Diokno sees no need to cut spending

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BANGKO SENTRAL NG PILIPINAS GOVERNOR BENJAMIN E. DIOKNO — PHILIPPINE STAR/ GEREMY PINTOLO

The administrator Marcos INCOMINGthe administration will not reduce government spending to meet budget inflation ofIfcit, said Benjamin E. Diokno, designated Chief Financial Officer and Governor of Bangko Sentral ng Pilipinas (BSP).

“There should be no cuts to our spending plan. I think we should really strive to raise enough taxes. I am confident that because of the tax system the Duterte administration will leave…we will be able to raise enough taxes to ensure that we meet our deficit targets,” he told ABS-CBN on Monday. NewsChannel.

Mr. Diokno, who was chosen by President-elect Ferdinand R. Marcos, Jr. to lead the Finance Department, said they would stick to the plan to reduce the government’s budget deficit to 3% of proceeds. gross domestic (GDP) by 2028. .

For this year, the budget deficit ceiling is set at 1,650 billion pula, which is equivalent to 7.7% of GDP. Economic managers set the budget gap ceiling at 6% of GDP for 2023, 5.1% for 2024 and 4.1% for 2025.

Asked if he would support proposals to impose new taxes, Diokno said recent tax reforms would give the next administration enough headroom to generate enough revenue.

The Treasury Office has previously estimated that the government needs to raise 249 billion pesos each year in additional revenue to avoid new borrowing to pay off the additional 3.2 trillion peso debt incurred during the coronavirus disease 2019 pandemic ( COVID-19).

Finance Secretary Carlos G. Dominiguez III has proposed a fiscal consolidation plan that involves imposing new tax measures, repealing some tax exemptions and postponing personal income tax cuts.

Dominguez said the government cannot cover existing debt by borrowing more or cutting spending every year.

Outstanding national government debt stood at a record high of 12.76 trillion pesos at the end of April.

Meanwhile, Department of Finance (DoF) chief economist Gil S. Beltran said the country’s debt stock would have ballooned to more than 15 trillion pesos this year had it not been for the government exercising Ifscalar caution.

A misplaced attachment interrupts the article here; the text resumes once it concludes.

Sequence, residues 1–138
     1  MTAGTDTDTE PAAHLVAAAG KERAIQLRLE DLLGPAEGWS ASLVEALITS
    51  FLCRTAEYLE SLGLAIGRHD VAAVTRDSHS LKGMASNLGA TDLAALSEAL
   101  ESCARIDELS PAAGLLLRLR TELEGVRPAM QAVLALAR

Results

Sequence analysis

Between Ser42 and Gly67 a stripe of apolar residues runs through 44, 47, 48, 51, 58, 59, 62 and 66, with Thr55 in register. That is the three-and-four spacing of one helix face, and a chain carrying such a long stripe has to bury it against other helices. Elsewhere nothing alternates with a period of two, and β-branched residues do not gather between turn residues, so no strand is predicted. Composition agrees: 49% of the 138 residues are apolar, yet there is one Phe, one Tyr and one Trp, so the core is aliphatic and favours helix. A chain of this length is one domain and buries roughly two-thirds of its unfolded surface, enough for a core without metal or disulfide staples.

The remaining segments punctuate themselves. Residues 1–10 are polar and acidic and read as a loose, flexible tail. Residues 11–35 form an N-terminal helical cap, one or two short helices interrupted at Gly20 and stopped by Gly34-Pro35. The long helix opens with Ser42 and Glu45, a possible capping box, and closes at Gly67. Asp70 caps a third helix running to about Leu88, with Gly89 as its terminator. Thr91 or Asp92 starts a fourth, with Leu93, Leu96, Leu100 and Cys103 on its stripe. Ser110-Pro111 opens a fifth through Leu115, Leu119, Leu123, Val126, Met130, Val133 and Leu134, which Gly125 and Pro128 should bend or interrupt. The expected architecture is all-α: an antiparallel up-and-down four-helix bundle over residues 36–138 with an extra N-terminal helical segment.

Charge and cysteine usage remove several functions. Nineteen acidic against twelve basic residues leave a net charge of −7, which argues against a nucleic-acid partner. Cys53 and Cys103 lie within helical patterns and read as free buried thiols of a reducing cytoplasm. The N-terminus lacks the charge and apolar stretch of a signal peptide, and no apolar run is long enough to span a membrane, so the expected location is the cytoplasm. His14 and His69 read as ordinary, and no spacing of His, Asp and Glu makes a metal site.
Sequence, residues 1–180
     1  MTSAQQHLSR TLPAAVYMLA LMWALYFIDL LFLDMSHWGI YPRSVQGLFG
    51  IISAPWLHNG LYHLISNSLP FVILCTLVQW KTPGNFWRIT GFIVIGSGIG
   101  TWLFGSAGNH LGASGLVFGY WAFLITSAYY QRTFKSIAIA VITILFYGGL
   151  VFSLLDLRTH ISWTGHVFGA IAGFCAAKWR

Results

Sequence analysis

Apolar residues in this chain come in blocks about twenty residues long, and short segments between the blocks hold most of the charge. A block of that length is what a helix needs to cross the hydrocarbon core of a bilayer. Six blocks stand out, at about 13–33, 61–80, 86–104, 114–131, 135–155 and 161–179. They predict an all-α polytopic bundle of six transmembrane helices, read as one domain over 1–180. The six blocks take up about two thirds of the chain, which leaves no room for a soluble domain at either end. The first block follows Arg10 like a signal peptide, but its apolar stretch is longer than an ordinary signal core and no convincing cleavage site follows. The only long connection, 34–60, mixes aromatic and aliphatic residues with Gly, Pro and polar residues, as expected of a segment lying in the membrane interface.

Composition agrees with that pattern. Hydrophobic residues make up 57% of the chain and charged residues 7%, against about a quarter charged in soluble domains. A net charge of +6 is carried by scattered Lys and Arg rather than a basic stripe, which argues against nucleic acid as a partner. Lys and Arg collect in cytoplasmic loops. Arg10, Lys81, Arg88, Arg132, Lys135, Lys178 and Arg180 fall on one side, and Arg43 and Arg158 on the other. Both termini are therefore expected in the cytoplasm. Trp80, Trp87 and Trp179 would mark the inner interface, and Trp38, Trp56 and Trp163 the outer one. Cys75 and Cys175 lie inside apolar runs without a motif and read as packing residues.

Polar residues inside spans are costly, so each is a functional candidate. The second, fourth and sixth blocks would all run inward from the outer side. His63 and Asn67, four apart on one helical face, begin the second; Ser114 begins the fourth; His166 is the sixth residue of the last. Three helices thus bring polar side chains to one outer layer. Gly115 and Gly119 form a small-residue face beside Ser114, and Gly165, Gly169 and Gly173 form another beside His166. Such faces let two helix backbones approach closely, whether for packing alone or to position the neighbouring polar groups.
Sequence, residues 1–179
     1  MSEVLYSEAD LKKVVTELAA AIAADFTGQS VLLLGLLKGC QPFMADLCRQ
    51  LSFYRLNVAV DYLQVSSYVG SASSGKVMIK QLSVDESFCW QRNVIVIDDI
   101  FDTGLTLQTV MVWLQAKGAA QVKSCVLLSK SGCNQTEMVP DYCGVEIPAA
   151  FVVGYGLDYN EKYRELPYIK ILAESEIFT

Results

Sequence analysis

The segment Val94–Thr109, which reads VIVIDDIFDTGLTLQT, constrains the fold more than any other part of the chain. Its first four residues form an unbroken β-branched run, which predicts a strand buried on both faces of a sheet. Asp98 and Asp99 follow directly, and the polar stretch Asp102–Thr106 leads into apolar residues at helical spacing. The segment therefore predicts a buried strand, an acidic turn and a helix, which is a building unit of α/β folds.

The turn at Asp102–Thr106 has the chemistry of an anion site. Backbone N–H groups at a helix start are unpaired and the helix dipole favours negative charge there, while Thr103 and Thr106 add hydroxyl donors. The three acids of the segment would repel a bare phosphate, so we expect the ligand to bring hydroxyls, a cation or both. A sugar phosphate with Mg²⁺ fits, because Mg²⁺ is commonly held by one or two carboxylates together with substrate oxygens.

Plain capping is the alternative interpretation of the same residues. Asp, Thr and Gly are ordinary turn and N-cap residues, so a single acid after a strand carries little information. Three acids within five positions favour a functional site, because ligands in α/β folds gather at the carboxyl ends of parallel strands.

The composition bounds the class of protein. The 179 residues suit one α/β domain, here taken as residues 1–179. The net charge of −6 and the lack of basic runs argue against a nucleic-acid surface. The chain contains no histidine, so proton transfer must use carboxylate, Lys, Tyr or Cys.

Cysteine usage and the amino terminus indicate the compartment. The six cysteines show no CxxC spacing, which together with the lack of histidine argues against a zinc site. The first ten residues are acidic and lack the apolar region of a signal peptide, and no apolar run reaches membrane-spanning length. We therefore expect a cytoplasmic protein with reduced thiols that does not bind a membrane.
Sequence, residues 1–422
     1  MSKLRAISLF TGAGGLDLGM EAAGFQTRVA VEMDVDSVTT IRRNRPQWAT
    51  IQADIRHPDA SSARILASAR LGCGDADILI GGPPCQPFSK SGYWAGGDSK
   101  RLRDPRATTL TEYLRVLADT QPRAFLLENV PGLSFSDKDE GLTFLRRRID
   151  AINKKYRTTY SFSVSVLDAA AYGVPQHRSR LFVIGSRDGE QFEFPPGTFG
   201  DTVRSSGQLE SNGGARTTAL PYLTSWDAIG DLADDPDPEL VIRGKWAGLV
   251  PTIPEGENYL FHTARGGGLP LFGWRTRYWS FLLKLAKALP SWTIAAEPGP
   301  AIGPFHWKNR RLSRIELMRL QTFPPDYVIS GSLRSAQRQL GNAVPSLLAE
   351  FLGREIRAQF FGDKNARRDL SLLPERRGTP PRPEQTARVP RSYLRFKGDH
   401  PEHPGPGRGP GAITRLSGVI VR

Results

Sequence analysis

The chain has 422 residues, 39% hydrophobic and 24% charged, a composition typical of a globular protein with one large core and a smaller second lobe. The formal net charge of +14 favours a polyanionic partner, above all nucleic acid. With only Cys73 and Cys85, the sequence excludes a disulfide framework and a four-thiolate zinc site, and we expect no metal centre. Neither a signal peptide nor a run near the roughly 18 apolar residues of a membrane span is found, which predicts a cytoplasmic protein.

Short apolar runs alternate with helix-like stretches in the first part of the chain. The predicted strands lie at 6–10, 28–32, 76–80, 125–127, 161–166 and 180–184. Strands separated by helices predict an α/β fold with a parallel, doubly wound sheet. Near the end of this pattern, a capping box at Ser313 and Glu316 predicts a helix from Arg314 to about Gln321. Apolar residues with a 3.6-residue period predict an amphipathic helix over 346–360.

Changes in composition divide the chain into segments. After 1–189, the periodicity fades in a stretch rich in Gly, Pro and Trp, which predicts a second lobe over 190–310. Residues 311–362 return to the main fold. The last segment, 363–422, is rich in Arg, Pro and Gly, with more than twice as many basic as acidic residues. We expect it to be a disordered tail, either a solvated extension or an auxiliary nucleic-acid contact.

“We spent what we had to, but no more than we could afford. In fact, if we had agreed to push for more spending, our debt would have increased by 2.2 trillion pesos and would have reached 15.4 trillion pesos,” Beltran said in a statement.

During the pandemic, Congress passed Republic Act (RA) No. 11469 or the Bayanihan to Heal as One Act and RA 11494 or the Bayanihan to Recover as One Act.

“Aware of the effects of additional spending on our borrowing, the DoF worked closely with lawmakers to limit Bayanihan II interventions to 140 billion pesos, despite objections from many other stakeholders,” Mr. Beltran.

The DoF cited a report by its Domestic Finance Group (DFG) showing that COVID-19 stimulus bills and other revenue-eroding measures would have resulted in additional spending amounting to at least $2.2 trillion. pesos if passed by Congress.

Economists, however, said the government should have increased spending to boost the Philippines’ recovery from the pandemic.

“I personally thought the government should have come out and done a bit more,” said UnionBank of the Philippines, Inc. chief economist Ruben Carlo O. Asuncion. “But, kudos to the government for doing the right thing given the lack of resources.”

ING Bank NV Manila’s chief economist, Nicholas Antonio T. Mapa, said in an email that increased spending during the pandemic could have helped revive economic activity.

“Additional stimulus at the height of COVID may indeed have inflated the country’s overall debt level…However, such a rollout may have revived economic activity, ensured a more effective and more effective response. quick to the crisis that could have finally [saved] the economy from falling into a deep recession,” he said.

“Improving the health of the country could in turn have generated revenue streams that could have compensated forIfcits and levels of indebtedness.

Mr. Mapa stressed the importance of measuring debt not only at its aggregate level, but also against the gross domestic product (GDP) of the economy.

“Substantial spending at the start of the pandemic may have pushed debt levels to high levels, but it could also have helped revive the economy earlier, restore income flows and reduceIfcities and a more dynamic economy that would eventually translate into lower debt-to-GDP ratios.

The Philippine economy contracted by 9.6% in 2020, but rebounded with growth of 5.7% in 2021.

Economic managers are targeting GDP growth of 7-8% this year. — Keisha B. Ta-asan and Tobias Jared Tomas

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